Tough talk on spam

Spam is coming under pressure from industry groups and end users alike. InternetNZ and the Direct Marketing Association are reviewing their positions on the problem.

Spam is coming under pressure from industry groups and end users alike. InternetNZ and the Direct Marketing Association are reviewing their positions on the problem.

InternetNZ is about to release more detail on its code of practice for ISPs – which will include the issue of spam - and will name the person chosen to head the project in the next week.

InternetNZ executive director Peter Macaulay would like to see a time delay on mass mail outs that would not hinder legitimate email delivery, but would restrict the really large email lists. However, Macaulay says it's not the spammers who are the real problem.

"I think we're looking at this the wrong way. We shouldn't be targeting the spammers themselves, they're just ratbag kids with too much time on their hands. It's the companies that buy their services that are the problem. If they weren't paying, the kids wouldn't be sending out a million emails a day."

Macaulay says the fraudulent emails are the easiest to target as they're already breaking the law but he would like to see those companies that do send spam brought out into the open.

The Direct Marketing Association (DMA) is reviewing its code of practice with regard to email and the internet in general.

The current DMA code of practice defines spam as "a poor business practice" and DMA chief executive Keith Norris says most members who are caught spamming are doing so out of ignorance.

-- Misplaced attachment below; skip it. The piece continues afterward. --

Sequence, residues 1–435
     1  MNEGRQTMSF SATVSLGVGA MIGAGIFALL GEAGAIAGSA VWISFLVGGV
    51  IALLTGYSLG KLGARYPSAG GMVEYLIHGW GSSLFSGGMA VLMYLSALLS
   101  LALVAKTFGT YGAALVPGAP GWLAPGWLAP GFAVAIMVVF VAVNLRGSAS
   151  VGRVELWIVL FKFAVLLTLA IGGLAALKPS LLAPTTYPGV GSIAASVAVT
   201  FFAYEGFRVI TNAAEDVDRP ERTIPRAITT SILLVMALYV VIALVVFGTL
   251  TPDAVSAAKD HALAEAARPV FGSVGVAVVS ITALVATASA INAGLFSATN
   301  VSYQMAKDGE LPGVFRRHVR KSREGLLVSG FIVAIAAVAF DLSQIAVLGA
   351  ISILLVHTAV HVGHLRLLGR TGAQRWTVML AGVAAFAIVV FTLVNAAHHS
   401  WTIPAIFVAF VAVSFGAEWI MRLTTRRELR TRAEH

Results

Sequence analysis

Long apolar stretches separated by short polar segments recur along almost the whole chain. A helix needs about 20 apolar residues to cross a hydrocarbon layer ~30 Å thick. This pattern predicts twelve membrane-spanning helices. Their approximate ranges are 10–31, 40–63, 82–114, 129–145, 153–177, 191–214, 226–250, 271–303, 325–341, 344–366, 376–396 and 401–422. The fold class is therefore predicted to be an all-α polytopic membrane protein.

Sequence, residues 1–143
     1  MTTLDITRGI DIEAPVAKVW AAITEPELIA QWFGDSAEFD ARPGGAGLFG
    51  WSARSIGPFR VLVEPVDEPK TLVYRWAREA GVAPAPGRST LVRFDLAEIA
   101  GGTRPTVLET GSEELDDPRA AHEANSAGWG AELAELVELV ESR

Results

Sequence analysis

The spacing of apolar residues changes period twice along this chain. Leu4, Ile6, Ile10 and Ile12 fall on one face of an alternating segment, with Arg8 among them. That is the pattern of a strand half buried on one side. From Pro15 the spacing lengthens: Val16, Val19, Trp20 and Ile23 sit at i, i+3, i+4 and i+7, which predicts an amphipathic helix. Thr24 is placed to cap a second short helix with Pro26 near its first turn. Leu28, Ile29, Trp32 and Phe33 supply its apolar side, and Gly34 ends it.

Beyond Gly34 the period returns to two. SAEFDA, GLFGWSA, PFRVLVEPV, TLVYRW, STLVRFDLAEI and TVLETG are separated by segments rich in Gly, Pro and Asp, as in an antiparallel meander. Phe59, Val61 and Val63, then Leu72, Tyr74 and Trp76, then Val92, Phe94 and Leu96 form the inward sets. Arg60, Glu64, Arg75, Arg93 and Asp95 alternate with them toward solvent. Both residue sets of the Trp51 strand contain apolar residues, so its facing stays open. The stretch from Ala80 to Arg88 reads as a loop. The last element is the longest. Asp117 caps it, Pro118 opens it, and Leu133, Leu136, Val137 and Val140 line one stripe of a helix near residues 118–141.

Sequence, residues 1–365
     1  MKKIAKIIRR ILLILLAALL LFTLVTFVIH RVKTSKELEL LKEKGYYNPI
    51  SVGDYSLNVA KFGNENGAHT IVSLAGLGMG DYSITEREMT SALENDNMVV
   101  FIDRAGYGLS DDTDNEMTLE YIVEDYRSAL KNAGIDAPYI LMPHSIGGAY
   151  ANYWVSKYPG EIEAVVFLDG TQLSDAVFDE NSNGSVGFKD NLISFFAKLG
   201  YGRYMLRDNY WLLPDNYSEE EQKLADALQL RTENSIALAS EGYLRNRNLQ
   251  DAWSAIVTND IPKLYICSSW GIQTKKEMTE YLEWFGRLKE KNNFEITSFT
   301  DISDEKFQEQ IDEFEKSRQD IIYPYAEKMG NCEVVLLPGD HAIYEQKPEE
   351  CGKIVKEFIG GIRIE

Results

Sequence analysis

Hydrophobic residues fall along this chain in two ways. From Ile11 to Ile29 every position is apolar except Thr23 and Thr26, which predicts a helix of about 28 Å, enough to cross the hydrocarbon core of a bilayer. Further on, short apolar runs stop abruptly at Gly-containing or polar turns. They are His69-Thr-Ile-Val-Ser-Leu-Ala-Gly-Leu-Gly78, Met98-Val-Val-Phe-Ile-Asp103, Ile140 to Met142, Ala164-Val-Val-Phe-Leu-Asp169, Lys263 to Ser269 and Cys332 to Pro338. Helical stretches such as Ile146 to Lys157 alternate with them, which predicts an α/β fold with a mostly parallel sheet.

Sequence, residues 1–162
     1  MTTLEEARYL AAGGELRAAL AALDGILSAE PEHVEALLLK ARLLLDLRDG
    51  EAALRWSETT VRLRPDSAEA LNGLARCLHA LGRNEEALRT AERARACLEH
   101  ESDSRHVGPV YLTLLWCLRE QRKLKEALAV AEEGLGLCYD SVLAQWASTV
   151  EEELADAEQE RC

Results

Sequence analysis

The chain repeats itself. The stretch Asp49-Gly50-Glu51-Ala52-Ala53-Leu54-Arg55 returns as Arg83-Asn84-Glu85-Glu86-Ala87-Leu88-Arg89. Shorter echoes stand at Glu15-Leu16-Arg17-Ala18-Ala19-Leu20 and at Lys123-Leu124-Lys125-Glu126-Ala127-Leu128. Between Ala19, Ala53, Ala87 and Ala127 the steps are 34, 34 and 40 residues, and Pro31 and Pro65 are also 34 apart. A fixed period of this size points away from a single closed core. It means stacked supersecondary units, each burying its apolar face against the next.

"They just don't realise what it is they've done and they don't do it again."

Terry Wall, Circle Tech Systems IT manager, is sick of the amount of spam he receives each day and would like to see ISPs doing more to block spam before it reaches his inbox.

"I'd like to see bulk email sending held by the ISP in a spool if they're over a certain amount. They would then send an automatic email back to the sender to see if there's a real address there and if they get no reply they'd dump the emails before they were sent out."

Wall agrees any such system would need a "white list" for those companies that do send legitimate bulk email.

Auckland-based ISP ICONZ says such a system would technically be possible but there are issues with requiring ISPs to make judgement calls on whether an email is legitimate or not.

General manager Sean Weekes says he has customers who do send bulk emails and he wouldn't want to see that business go elsewhere.

"If there was a blanket agreement among all ISPs on this kind of thing then we'd jump at it,but to do it on our own would be an issue."

Weekes says that in the interim, until the InternetNZ code is finalised, users who do receive spam should complain about it to their ISP and make sure the ISP knows it is unwanted and a problem.

DMA's Norris defends the association's policy of only requiring an opt-out approach to email spam, saying recent research in the US suggests opting out of spam does not increase the subsequent volume of spam as is commonly believed.

"I'm going to a meeting in Orlando of organisations like the DMA and I'll be pushing that point of view there."

Anti-spam proponents say a simple "opt-out" option is not good enough as spammers use any reply as proof that an email address is live. A double opt-in approach is favoured by many, requiring users to not only actively agree to receive email in the future, but to confirm that choice in a separate email. The DMA says this is too cumbersome an approach.

"We drafted our code of practice in conjunction with the Ministry of Consumer Affairs and the Consumers Institute and it's a sound policy."

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